"An exclusive shoe store is something of a novelty in a town of less than a thousand inhabitants. Waynesville, however, can boast not only of an exclusive shoe store, but of a thoroughly up-to-date and successful line ~ Barnhart's Exclusive Shoe Store, located in the Aman Block. E. V. Barnhart (Ephraim V.), proprietor of the store, has been in the shoe business since he was a boy and understands the shoe trade form beginning to end. Like a number of other successful Waynesville boys, Mr. Barnhart gained his first knowledge of the shoe business back in the days when S. D. Everly kept a clothing and shoe store in Waynesville. After graduating at the local High School, Mr. Barnhart went to Dayton where he secured a through business training at the well known Miami Commercial College. From there he went into one of the leading shoe stores of Dayton and later on was connected with a prominent firm in the same line at Denver, Colorado. Afterwards Mr. Barnhart finished off his education in the shoe business by going on the road as a traveling salesman, giving up that position to open his store at Waynesville, five or six years ago. Mr. Barnhart handles everything in the way of footwear, but nothing else. At this store everything from an ordinary plow shoe to the highest quality of ladies' or gentleman's fine shoes may be had. His stock is very large and carefully selected, and in addition to the foregoing a full line of rubbers and rubber boots is carried . . . Mr. Barnhart takes foremost rank among the progressive business men of the community. He is a careful reader of the leading trade journals in his line, believes in modern methods of stock keeping and store arrangement, has attractive window displays, and fresh, crisp advertisements in the newspapers."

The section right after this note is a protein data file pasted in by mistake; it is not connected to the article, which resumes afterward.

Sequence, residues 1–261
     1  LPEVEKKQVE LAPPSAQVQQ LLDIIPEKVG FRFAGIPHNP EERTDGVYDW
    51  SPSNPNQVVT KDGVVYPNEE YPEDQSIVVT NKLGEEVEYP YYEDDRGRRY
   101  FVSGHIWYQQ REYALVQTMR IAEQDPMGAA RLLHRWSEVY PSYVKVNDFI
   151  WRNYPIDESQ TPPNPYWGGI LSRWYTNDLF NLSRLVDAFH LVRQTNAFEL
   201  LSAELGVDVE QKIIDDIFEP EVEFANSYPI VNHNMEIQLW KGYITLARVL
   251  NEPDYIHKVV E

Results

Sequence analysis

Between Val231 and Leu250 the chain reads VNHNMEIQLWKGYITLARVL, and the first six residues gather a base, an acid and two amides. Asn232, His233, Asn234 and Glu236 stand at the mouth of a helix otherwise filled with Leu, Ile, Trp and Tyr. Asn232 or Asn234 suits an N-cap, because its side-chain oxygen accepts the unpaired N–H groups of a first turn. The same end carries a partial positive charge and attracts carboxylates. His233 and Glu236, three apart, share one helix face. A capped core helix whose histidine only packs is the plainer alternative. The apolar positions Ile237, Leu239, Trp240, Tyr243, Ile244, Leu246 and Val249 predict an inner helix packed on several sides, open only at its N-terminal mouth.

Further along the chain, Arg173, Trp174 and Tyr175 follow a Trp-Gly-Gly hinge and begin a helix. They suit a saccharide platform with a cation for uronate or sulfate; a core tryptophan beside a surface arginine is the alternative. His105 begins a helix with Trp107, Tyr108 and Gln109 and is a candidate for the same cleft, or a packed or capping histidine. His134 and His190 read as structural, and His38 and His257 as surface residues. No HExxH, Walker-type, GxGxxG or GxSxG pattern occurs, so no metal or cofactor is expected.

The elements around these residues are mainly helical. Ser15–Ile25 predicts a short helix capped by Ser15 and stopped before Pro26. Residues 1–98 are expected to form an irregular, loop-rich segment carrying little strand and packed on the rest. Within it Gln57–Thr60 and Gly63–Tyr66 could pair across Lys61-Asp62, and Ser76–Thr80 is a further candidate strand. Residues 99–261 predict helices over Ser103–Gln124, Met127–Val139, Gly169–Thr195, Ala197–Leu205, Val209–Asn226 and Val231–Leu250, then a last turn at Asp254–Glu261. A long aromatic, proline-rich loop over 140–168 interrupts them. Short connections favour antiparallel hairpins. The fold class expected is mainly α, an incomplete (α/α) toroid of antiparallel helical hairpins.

Ephraim V. Barnhart (February 27, 1873- December 6, 1946) was first married to Lou Marie Barnett Barnhart (1872-1929), the daughter of Charles Warren Barnett (1847-1920) and Emma Barnett (1849-1942) of Waynesville. According to the Federal Censuses of 1900, 1910, and 1920, the Barnharts lived with Lou Marie's parents. They are buried together in Section M of Miami Cemetery in Corwin.
E. V. Barnhart's obituary is in the Miami-Gazette dated December 12, 1846: